Social Limits to Growth

Front Cover
Routledge, 1995 - Business & Economics - 208 pages
2 Reviews
The promise of economic growth which has dominated society for so long has reached an impasse. In his classic analysis, Fred Hirsch argued that the causes of this were essentially social rather than physical. Affluence brings its own problems. As societies become richer, an increasing proportion of the extra goods and services created are not available to everybody. Material affluence does not make for a better society.

Fred Hirsch's classic exposition of the social limits to growth manages to connect many of the apparently disparate factors that blight modern life: alienation at work and deteriorating cities as well as inflation and unemployment.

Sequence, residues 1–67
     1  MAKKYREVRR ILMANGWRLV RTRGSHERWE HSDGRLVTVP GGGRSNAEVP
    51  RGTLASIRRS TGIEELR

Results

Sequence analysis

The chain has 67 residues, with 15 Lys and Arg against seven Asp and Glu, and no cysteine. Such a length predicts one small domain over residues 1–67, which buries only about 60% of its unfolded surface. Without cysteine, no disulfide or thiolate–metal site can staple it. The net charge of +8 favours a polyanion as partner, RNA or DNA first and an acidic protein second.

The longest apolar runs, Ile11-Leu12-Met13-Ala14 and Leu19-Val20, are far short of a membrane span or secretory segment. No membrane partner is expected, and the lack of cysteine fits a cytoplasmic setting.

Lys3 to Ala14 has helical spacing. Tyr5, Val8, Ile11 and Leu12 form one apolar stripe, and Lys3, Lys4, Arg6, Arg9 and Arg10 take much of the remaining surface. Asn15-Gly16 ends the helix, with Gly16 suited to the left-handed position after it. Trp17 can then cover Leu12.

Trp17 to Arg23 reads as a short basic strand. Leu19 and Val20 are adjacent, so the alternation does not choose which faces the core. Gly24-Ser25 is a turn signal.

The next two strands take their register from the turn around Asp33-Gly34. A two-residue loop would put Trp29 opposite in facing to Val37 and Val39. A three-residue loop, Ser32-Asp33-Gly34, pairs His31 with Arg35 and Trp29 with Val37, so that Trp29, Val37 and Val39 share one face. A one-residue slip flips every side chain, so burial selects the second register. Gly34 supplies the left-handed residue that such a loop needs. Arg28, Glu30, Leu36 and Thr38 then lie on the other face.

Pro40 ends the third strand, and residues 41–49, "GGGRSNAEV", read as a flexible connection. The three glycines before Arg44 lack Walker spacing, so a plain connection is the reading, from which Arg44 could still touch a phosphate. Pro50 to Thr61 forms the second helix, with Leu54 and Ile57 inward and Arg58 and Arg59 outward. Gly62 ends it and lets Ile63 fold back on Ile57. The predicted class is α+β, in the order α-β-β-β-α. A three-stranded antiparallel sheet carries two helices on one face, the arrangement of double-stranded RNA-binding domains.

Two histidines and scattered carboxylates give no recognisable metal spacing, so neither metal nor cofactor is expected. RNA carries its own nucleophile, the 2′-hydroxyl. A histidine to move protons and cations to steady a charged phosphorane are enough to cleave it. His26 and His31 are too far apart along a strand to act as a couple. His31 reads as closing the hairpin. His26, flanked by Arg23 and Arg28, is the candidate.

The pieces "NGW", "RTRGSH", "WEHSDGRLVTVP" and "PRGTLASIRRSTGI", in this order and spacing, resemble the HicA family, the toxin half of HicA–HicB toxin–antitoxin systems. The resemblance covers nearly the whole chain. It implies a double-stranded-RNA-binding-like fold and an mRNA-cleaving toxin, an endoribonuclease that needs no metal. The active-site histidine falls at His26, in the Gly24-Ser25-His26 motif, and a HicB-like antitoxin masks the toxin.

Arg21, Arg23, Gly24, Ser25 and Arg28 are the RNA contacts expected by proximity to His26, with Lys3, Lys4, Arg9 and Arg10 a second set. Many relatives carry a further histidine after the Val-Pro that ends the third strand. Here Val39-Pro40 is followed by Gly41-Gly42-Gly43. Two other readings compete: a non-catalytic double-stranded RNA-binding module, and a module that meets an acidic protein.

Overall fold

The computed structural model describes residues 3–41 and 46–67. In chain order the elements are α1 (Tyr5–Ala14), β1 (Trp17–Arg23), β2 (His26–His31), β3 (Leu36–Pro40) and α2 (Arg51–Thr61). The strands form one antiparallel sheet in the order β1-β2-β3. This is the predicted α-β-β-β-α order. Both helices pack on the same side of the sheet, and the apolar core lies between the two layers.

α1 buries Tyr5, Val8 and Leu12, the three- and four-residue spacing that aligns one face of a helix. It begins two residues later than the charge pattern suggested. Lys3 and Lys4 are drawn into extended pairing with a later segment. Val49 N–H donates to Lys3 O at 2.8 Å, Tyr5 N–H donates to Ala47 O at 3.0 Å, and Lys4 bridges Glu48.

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User Review  - jklugman - LibraryThing

I found this book very difficult to read--Hirsch is laying out a complicated argument and sometimes its not clear how everything he says is related to each other. It feels as if Hirsch is thinking ... Read full review

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About the author (1995)

Fred Hirsch was formerly Professor of International Studies at the University of Warwick. He had a distinguished career both as a journalist on The Banker and The Economist and as an academic.

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